CBQ_008

Coupler cut-levers were fabricated by bending 0.1″ phosphor bronze wire, and attached using brass eye bolts fixed to the bottom-left side sills of the gondola ends.

The next step is to repaint all the detail parts, and the resulting damage caused from kitbashing the gondola. I use an airbrush for this, but the number of great quality acrylic hobby paints available these days makes it easy to brush paint too. The only hard part is picking a red that’s a close match to the original gondola colour. ScaleTrains recommends Tru-Color TCP-086 Burlington Red, but this is a solvent-based paint and I’ve long ago switched to airbrushing with water-based acrylics.

The CB&Q was famous for their Chinese Red painted equipment, which was a very vibrant shade of red. Now being a 1970s CP Rail modeller, I have lots of CP Action Red in stock, but there is too much orange in that shade of red. So I tried my luck by opening a bottle of TrueLine Trains (long out of production) post-’90s CP ‘Bright’ Red, which is the same colour as 1970-80s era Soo Line ‘Full Signal’ Red. Looking inside the bottle it looked pretty close to me, so I loaded it up in my airbrush and was pleasantly surprised that I could not see any difference. I got lucky here. If you also prefer a current production acrylic paint, all I can suggest is try to find a Chinese Red shade as close as possible. Also, maybe reach out to CB&Q modellers on-line as to what they recommend.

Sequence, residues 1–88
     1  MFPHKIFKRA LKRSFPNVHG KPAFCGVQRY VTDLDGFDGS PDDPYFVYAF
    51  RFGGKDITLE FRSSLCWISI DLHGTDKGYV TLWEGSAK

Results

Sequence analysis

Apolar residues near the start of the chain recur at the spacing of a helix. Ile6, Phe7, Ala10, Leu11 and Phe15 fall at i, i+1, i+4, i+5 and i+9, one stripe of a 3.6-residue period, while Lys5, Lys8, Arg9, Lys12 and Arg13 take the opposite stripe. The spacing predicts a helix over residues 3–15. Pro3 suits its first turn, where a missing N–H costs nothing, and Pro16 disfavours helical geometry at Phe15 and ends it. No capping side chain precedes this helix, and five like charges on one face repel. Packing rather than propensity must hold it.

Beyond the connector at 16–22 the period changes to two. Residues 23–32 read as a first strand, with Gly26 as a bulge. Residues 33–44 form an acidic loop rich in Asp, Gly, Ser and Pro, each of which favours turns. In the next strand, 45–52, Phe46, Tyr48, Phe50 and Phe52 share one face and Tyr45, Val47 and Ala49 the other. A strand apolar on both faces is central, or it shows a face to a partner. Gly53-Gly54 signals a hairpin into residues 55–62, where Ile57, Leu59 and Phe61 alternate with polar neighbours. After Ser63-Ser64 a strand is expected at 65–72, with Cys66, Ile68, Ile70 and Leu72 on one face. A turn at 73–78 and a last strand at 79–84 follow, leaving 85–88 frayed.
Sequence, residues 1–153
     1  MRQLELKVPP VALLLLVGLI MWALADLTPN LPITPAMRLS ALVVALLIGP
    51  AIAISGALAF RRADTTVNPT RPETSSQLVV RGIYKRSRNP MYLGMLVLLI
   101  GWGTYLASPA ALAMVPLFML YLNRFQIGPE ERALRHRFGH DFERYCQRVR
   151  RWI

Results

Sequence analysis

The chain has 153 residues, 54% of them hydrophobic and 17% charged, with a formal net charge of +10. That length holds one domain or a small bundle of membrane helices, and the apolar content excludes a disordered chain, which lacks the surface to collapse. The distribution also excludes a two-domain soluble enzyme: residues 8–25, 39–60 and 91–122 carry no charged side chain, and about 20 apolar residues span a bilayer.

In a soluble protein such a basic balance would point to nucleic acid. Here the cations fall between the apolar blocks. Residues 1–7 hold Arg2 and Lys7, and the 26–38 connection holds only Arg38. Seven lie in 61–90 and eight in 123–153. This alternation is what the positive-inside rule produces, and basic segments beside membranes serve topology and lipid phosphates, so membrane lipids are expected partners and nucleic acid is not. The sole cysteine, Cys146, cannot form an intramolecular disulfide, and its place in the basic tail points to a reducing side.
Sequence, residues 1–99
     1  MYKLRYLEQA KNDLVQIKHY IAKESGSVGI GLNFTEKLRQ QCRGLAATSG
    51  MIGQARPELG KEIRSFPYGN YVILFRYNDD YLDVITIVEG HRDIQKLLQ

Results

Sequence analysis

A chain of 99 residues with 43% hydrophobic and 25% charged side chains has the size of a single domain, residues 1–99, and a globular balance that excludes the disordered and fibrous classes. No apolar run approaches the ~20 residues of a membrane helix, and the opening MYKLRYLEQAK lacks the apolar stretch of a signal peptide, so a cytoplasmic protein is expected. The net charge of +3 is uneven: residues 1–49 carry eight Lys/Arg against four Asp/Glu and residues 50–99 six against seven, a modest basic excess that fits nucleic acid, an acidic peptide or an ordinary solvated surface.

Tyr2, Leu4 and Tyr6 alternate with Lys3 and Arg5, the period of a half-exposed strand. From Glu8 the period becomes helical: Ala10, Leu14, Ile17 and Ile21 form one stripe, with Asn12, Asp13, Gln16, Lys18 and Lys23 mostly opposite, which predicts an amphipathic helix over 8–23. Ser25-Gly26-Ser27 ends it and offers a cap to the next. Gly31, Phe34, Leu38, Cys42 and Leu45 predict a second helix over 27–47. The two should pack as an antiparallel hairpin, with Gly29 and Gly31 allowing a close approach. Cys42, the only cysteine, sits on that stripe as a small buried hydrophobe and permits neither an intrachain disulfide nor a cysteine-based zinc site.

CBQ_P_001

After masking the end reporting marks with small pieces of green painters tape, and wrapping some tape around the couplers, all the worked-on areas of the car were airbrushed to match the original CB&Q Red. I got lucky that old TrueLine Trains CP/SOO ‘Bright’ Red was an exact match. A piece of paper was simply held while airbrushing to protect the lettering along the gondola sides.

Turning to the inside of the gondola, the top was masked to protect from overspray, then airbrushed with a coat of Mission Models ‘Standard Rust’ as a base. If the name is new to you, they are a US company that make wonderful acrylic hobby paints. They are well known to military modellers, but they do have a weathering line that rail modellers should learn about. Getting back to painting, this rust coat is just a base as weathering will be completed with various powders and stains. If you don’t own an airbrush, then Mission Models paints can also be brush painted. So with both the exterior paint repaired and interior now given a rust coat, the gondola is ready for weathering.

CBQ_P_002

The inside of the gondola was airbrushed with Mission Models MMW-005 ‘Standard Rust’ as a base. This will be further weathered with various stains and powders.

It should be noted that before you begin any upgrades or kitbashing, it is highly recommended that you try to find some photographs of the prototype to assist you. Not only does it help you with detailing, but they will also show if any extra decals need to be applied, and they also aid with weathering. In my case, I was lucky enough to find a photo on RRPictureArchives.net of the exact gondola; CB&Q 83453.

cbq_proto_gon